Celebrate our independence ... with caution

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By The Staff

We will celebrate our nation's independence on Saturday with a celebration the likes of which most communities only dream about.

A story on today's front page gives all the details and there's a schedule of events we can clip out and take with us so we don't miss any of the exciting activities planned.

Then, on Saturday night, the annual fireworks show will attract thousands to the Miller Park area.

Fireworks are an American summertime tradition, especially around the Fourth of July. But, unfortunately, so are fireworks injuries.

Each year, Kentuckians suffer a painful array of fireworks-related injuries: burns, cuts, amputations of fingers and toes, loss of hearing or sight - and sometimes worse.

Most injuries in Kentucky are caused by bottle rockets, firecrackers, aerial bursts and sparklers. Children younger than 5 are injured most frequently by sparklers and bottle rockets.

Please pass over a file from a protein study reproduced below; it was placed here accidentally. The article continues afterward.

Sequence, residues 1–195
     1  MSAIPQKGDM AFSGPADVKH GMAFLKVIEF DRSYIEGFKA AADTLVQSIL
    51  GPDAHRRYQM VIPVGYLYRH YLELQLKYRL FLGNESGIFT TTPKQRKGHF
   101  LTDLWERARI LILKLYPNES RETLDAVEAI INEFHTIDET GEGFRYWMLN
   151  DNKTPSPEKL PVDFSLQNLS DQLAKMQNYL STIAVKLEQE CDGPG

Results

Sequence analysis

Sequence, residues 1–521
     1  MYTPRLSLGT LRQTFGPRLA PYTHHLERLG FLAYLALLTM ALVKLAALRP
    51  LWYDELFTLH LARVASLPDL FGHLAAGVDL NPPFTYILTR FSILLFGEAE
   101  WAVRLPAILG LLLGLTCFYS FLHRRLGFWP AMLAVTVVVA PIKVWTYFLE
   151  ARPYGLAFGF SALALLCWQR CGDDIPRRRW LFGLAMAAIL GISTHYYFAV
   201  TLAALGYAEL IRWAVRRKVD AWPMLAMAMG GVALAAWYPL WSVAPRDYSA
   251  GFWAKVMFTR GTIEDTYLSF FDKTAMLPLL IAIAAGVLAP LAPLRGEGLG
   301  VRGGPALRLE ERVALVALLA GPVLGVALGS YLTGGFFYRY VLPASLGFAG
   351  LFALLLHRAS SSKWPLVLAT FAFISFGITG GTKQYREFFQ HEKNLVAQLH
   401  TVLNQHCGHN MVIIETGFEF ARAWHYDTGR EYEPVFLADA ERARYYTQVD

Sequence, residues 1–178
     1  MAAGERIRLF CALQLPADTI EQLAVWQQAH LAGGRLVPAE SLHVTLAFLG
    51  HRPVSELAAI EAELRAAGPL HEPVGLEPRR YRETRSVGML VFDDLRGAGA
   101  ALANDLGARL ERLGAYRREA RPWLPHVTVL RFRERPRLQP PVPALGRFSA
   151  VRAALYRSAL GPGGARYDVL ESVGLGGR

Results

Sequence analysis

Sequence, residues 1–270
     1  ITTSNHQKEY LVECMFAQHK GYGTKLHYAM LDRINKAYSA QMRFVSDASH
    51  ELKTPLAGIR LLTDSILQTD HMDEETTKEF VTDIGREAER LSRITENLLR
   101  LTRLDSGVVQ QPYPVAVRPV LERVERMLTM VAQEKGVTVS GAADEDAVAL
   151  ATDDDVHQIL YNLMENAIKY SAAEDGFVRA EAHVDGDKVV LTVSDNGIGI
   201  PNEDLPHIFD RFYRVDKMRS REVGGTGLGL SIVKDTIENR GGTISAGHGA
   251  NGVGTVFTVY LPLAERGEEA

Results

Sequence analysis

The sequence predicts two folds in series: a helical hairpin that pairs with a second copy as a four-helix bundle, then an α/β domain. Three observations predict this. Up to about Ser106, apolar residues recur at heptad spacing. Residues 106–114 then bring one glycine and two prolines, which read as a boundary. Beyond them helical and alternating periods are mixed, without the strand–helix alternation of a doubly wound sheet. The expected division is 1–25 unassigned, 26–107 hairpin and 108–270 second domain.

Competent adult supervision is one of the best ways to prevent injuries.

It's important to remember that it's illegal in Kentucky to sell or use fireworks that are shot into the air or those labeled "explosive," "emits flaming pellets," "flaming balls," "firecrackers," or "rocket."

Kentucky law permits those 16 and older to purchase only consumer fireworks. These legal fireworks include ground and hand-held sparkling devices, novelties and trick noisemakers.

But just because they're legal doesn't necessarily mean they're safe. Sparklers can burn in excess of 1,800 degrees and even after they have burned out the wire can remain hot enough to cause a severe burn or start a fire.

Actually, the best advice is to leave fireworks to the professionals. And as everyone who has ever attended Campbellsville's Fourth of July fireworks knows, you won't be disappointed. Just remember, if you go, lighted fireworks are not permitted at Miller Park due to safety concerns, and law enforcement will confiscate any they see.

See you Saturday.